If a game of golf constitutes a good walk spoiled, as has often been alleged, what are we to make of golfing in one’s senior years? The ruination of a good retirement?
I think not, though I must concede, as a golfing retiree of long standing, occasional moments arise in these leisurely years when such a dim assessment seems warranted.
But first let me enumerate some of the happier aspects of spending lots of senior time on the links.
Especially with this awful pandemic likely to persist for a considerable while, swinging the clubs in the great outdoors, no matter how inexpertly, provides a healthful alternative to gluing oneself, for instance, to the TV. Also, it offers a far safer way, with social distancing in mind, to move old joints to and fro than, say, groaning within the confines of the local gym.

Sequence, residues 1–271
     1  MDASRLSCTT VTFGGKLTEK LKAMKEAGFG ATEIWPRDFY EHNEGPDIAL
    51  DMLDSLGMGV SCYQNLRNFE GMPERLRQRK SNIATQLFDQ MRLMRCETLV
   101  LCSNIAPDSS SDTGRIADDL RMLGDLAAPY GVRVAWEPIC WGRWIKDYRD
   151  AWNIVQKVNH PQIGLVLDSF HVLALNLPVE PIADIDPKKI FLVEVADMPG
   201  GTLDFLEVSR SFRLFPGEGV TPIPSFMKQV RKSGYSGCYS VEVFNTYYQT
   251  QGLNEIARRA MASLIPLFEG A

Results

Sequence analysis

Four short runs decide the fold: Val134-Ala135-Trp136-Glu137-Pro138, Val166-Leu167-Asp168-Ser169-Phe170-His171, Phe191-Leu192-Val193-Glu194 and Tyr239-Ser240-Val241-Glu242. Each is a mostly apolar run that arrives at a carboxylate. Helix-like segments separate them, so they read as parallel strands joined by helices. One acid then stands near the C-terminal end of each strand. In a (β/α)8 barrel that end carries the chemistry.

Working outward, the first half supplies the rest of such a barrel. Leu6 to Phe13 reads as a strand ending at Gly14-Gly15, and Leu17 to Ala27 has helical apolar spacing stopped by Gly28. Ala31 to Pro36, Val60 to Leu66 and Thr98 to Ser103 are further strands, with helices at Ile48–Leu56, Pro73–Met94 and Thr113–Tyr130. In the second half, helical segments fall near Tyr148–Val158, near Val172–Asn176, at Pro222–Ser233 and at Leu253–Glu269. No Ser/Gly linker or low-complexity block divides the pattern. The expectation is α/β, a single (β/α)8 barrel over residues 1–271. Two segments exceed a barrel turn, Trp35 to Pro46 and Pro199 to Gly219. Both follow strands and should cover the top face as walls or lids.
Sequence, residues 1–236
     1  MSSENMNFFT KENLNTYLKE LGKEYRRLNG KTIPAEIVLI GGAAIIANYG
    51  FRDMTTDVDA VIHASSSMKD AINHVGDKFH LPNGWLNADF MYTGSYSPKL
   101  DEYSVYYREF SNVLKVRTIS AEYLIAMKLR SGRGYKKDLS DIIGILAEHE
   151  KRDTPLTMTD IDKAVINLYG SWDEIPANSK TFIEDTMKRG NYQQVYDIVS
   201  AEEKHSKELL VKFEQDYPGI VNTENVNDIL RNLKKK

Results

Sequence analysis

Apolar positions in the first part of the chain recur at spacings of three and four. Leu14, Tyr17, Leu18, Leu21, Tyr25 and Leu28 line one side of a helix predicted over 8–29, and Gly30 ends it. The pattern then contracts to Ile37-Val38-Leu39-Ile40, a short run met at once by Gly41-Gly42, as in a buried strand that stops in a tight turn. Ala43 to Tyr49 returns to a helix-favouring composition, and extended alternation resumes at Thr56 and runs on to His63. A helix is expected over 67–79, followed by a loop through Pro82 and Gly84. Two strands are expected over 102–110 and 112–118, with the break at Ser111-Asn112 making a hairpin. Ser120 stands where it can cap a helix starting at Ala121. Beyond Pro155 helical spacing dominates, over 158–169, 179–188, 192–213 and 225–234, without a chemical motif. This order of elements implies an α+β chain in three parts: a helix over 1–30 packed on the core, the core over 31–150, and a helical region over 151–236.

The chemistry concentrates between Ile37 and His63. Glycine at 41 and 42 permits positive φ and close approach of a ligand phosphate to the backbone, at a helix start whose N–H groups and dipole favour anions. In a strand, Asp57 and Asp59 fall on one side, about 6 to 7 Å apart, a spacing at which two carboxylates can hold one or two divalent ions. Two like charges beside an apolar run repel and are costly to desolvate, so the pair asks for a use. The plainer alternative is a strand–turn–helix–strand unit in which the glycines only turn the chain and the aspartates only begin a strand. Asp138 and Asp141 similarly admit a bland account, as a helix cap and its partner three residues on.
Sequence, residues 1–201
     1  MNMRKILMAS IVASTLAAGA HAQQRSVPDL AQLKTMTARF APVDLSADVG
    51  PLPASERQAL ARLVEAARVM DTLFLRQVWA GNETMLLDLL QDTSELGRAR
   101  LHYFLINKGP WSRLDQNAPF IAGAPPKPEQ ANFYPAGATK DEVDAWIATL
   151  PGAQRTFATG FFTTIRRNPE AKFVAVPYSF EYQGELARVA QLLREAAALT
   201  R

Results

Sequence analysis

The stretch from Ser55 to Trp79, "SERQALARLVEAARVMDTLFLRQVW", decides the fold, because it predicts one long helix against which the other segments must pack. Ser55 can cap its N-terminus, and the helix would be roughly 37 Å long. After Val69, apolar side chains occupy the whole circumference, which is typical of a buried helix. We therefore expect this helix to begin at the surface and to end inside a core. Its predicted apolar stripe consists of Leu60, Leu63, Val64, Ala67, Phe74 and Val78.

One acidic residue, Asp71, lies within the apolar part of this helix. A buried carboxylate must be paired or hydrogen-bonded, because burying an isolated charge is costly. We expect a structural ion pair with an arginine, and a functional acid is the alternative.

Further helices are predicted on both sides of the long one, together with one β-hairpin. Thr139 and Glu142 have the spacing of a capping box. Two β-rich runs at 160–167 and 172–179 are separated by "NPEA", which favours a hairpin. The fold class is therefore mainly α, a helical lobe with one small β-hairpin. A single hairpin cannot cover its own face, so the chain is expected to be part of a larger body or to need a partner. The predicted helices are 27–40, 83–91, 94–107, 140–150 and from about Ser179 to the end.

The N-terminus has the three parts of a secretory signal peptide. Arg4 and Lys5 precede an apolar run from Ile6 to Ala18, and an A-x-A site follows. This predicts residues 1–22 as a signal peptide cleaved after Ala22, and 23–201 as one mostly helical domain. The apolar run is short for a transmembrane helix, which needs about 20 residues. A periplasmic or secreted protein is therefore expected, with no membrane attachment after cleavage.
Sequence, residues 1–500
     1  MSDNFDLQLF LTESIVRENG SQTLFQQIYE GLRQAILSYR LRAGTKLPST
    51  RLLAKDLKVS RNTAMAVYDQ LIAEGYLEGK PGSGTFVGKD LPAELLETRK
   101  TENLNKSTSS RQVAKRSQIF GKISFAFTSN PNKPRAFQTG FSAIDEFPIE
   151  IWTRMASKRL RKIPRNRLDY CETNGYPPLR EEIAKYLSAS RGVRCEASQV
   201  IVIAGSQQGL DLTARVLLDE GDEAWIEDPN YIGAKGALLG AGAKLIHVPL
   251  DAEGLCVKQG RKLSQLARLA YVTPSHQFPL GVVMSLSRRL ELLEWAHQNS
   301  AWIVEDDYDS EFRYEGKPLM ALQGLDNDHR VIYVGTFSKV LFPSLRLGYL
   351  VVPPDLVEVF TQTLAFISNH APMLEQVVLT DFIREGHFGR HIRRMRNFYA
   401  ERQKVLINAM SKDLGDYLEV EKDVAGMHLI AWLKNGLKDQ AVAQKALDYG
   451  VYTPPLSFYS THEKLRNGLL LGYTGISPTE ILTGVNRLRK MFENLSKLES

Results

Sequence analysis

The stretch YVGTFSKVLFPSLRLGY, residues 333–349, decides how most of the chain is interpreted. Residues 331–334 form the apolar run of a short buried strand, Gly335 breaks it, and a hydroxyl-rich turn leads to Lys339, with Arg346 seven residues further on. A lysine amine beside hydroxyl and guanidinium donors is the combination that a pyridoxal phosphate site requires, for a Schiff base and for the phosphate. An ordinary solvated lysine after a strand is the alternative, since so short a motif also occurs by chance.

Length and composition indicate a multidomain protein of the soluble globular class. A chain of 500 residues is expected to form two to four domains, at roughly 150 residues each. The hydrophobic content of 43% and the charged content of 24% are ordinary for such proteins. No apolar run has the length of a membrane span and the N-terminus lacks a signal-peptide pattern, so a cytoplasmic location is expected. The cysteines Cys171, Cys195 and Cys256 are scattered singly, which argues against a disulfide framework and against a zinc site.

If golf was one’s favorite sport long before retirement, there remain, I submit, additional benefits to be found long afterward. Perhaps most striking for me involves the matter of my handicap. Before I retired from this newspaper in my middle 60s, at 10 strokes, my handicap had been edging slowly higher with the advancing years. But in the early years of retirement, with far more time to play, it soon dipped back to single digits, as low as seven after several years of much more golf.